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Promoting Student Confidence in a First-Year Electrical and Computer Engineering Course

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2019 FYEE Conference


Penn State University , Pennsylvania

Publication Date

July 28, 2019

Start Date

July 28, 2019

End Date

July 30, 2019

Conference Session

M3A: Learning in Context 1

Tagged Topic

FYEE Conference - Paper Submission

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Paper Authors


Jennifer Felder Marley Valparaiso University Orcid 16x16

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Jennifer Marley is an assistant professor of electrical and computer engineering at Valparaiso University. She received the B.S. degree in electrical engineering from North Carolina State University and M.S. and Ph.D. degrees in electrical engineering: systems from the University of Michigan. Her research interests include power system optimization and the integration of storage devices and renewable generation.

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Doug Tougaw P.E. Valparaiso University

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Doug Tougaw is a professor of Electrical and Computer Engineering at Valparaiso University. His scientific research is in the area of nanotechnology. His pedagogical research interests include creativity, design, ethics, and computer programming.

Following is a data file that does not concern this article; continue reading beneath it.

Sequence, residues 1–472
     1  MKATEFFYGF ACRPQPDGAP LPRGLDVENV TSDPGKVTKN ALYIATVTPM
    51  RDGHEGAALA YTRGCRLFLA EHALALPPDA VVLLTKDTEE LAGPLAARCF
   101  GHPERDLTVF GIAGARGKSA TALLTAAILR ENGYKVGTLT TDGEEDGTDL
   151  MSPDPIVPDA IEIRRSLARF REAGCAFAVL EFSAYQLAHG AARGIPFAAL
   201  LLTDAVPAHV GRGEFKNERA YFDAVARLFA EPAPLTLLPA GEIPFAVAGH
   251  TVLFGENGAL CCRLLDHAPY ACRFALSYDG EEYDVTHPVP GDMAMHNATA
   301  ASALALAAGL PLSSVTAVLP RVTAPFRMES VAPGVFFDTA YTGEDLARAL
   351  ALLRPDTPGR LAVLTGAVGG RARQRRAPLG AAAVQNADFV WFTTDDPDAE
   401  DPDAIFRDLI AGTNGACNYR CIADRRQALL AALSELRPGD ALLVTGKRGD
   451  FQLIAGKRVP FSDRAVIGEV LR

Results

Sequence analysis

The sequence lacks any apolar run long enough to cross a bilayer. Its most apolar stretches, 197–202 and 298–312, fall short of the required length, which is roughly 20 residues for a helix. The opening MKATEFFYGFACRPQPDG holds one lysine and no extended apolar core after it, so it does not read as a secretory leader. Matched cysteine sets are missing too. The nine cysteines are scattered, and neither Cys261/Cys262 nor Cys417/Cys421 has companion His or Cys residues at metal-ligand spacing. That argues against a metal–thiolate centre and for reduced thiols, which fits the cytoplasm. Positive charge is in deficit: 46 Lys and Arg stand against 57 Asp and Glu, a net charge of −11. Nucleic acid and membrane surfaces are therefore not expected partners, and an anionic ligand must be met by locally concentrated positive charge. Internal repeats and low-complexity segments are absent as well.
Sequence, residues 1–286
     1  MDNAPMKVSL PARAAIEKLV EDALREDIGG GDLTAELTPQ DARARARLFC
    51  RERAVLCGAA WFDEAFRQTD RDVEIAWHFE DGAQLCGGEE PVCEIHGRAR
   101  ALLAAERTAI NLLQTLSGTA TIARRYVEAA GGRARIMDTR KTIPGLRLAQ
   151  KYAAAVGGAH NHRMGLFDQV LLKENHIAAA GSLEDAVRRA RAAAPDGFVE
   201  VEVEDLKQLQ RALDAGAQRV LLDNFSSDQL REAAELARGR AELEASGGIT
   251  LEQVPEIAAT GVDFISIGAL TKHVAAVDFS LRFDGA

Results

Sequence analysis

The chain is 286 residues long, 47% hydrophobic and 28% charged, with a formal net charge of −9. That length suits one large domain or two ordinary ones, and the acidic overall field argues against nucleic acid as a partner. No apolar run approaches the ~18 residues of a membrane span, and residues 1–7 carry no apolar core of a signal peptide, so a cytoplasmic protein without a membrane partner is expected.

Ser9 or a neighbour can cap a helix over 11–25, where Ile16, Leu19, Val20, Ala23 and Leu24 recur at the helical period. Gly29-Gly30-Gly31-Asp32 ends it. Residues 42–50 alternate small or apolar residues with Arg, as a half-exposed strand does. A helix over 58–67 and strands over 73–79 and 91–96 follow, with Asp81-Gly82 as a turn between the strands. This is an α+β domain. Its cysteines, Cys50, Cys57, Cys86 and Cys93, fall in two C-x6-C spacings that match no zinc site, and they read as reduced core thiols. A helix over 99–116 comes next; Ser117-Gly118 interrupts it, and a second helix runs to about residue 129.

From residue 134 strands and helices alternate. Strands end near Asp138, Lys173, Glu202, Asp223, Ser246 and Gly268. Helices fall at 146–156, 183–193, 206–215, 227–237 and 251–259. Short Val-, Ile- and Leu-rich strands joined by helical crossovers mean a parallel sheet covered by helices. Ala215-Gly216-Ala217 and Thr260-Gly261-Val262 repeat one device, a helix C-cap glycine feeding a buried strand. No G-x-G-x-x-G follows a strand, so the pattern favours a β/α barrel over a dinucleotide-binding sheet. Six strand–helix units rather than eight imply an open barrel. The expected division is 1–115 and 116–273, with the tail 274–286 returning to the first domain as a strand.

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First-year electrical and computer engineering (ECE) students who have not yet encountered applications in their discipline often struggle to draw connections between the theoretical concepts from their introductory courses and those specific contexts in which they might apply those concepts in their future careers. As such, these students frequently struggle with relating to their courses and may become discouraged or doubt their ability to become an engineer. To address these challenges, the first ECE-specific course at Valparaiso University has been designed to increase the exposure of students to the various ECE sub-disciplines. The specific applications explored by students in this course range from programming microcontrollers to building amplifier circuits to designing and testing complex digital logic circuits, which are subjects not usually covered until the last two years of study. Results are presented that demonstrate several benefits of the wide range of topics covered in this course. These include helping students choose with greater confidence future elective courses and their major, improving the self-confidence of those students who may struggle with relating to more abstract engineering concepts, and maintaining student interest while providing them with the necessary theoretical background for their future studies.

Marley, J. F., & Tougaw, D. (2019, July), Promoting Student Confidence in a First-Year Electrical and Computer Engineering Course Paper presented at 2019 FYEE Conference , Penn State University , Pennsylvania.

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